6 Exciting Things to do at Scenic State Park
There are tons of things to do at Scenic State Park you will want to plan a weekend there. Scenic State Park was never on my radar. I feel bad for saying so.
The generic name makes visitors wonder, why is this park of all MN State Parks more deserving of the Scenic title. The park may not have elements of the north shore, but it does have one of the best forests I’ve had the privilege of staying at.
Day Eight of our Northern Loop Adventure had us at Scenic State Park. This would be our new base camp for some of these north central parks. When trying to decide on a location, we were on the fence about Scenic or McCarthy Beach. Each having its own set of rave reviews, we settled on Scenic for the simple fact that it had an eclectic site open. It ended up being an excellent choice.
This summer has been a mixed bag for the weather. First is the drought. It led to crunchier conditions everywhere. Aside from the biting ants at Lake Bronson, it also caused the water levels to decrease in the lakes. It also played a factor in the fires all over the state.
Those pesky Canadian fires that produced smokey conditions in Red River State Recreation Area, caught up with us again. I love finding beauty in any weather condition, I couldn’t help but enjoy the constant haze upon the campground it produced.
It also limited some of our activity a little as we didn’t want to be doing as much heavy hiking in it.
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The Scenic State Park Beginnings
Scenic State Park started off as Sandwick State park in 1921, to protect the virgin pines around the lakes. Three weeks later they decided a better description is Scenic State Park. Today it is one of my favorite state park, next to the untouched beauty of Itasca State Park.
The Scenic State Park Hiking Club State Trail
Miles: 2.9 miles
Difficulty: Easy with hills
Total Miles Hiked: 136.7 miles
There are plenty of great opportunities to hike in Scenic State Park. The fire tower trail and chase point trail are the highest recommended taking. If you are doing the MN State Parks Hiking Club Trail, you’ll also do a quick jaunt on the Tell Lake Trail. This portion of the hiking trail loops around 1.5 miles through a boardwalk, and wetlands.
Stopping into the visitor center is a great way to get insider information when hiking. They have so many great recommendations. Thankfully the Hiking Club Trail was one they recommended!
Have you joined the Minnesota State Parks Hiking Club yet? It’s a great program to get you to more state parks, plus you’ll earn free nights of camping and patches along the way. Check out all the program details as well as info on their hikes here: 75 reasons to join the MN State Parks Passport and MN Hiking Club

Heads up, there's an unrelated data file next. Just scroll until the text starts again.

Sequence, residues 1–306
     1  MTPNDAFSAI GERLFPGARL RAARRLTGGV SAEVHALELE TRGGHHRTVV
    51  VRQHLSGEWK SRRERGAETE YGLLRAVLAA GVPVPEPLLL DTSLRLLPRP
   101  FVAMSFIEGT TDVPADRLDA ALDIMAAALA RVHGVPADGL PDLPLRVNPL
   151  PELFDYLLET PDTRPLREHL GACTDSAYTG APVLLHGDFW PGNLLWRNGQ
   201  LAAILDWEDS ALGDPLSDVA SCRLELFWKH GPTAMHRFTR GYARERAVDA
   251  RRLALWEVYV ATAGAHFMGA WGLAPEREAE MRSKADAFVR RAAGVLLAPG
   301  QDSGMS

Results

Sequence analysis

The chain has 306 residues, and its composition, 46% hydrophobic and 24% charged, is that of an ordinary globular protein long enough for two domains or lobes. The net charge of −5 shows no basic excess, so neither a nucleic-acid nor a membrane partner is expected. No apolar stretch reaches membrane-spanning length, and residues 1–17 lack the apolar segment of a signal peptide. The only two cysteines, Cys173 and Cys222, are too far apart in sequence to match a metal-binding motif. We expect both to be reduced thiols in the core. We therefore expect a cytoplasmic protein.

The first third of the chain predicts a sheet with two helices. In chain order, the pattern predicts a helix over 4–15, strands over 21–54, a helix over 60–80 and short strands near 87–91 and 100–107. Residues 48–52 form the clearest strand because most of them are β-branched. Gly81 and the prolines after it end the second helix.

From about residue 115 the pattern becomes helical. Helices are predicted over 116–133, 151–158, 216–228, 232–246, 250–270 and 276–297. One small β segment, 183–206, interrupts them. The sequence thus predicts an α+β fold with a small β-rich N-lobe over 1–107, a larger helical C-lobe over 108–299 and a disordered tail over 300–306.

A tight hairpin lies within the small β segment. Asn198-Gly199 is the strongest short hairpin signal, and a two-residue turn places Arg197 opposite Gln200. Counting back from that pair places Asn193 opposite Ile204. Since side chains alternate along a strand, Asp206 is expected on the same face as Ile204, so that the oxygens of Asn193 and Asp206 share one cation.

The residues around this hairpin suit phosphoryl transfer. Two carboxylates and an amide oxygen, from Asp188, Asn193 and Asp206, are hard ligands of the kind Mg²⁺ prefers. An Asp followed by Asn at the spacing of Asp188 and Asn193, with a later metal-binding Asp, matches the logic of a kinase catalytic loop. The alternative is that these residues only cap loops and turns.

Chase Point Trail
Chase Point is the most recognizable site in the park. The point is a unique landmass that just out separates Coon Lake and Sandwick Lake. It almost seems unnatural that something like that can exist.
The trail starts off on a short gravel road as you make your way out of the peninsula. Then you traverse the trail with beautiful views on either side. It ends with an overlook at the point and a view of Loge Campground.
As I was hiking through the trail, I kept feeling like I’d been there before. It wasn’t that I had been there, but I found the place that I had been staring at all summer long.
As the navigator on our journeys, aka passenger, I spend much of my time staring out at the window and catching glimpses of the State Park Sticker on my dashboard. Looking at the trees, I knew instantly I was in the exact woods pictured.
My enjoyment of the moment was diminished slightly by the number of bugs. Normally I don’t mention the bug because, with precautions, it’s not a big deal.
Different times of the day or different atmospheric conditions can lead to no activity. In this case, they only congregated near the beginning of the trail. As soon as we got deeper into the point, they dissipated.
Pro Tip: Never get lost on the hiking trail again, or wonder how much further. I always download the map before I leave my Avena App. It’s a great GPS map that doesn’t require the internet. The Science State Park Map can be downloaded for free by clicking here.
Where to park?
There are a couple of parking options. First is walking from your campsite if you are staying at the Chase Point Campground. Otherwise, you can park at the boat launch too and walk up to the start of Tell Trail. If you are looking to do just Chase Point, there is a small parking lot near the start, with enough space to hold 5-6 cars. On a weekend, it will easily be filled, so get there early.
Other Things to Do At Scenic State Park
Camping at Scenic State Park
Two Campgrounds to choose from, Chase Point and Lodge Campground. These campgrounds are miles apart in distance and feel. Chase Point Campground is where eighty percent of the campers stayed.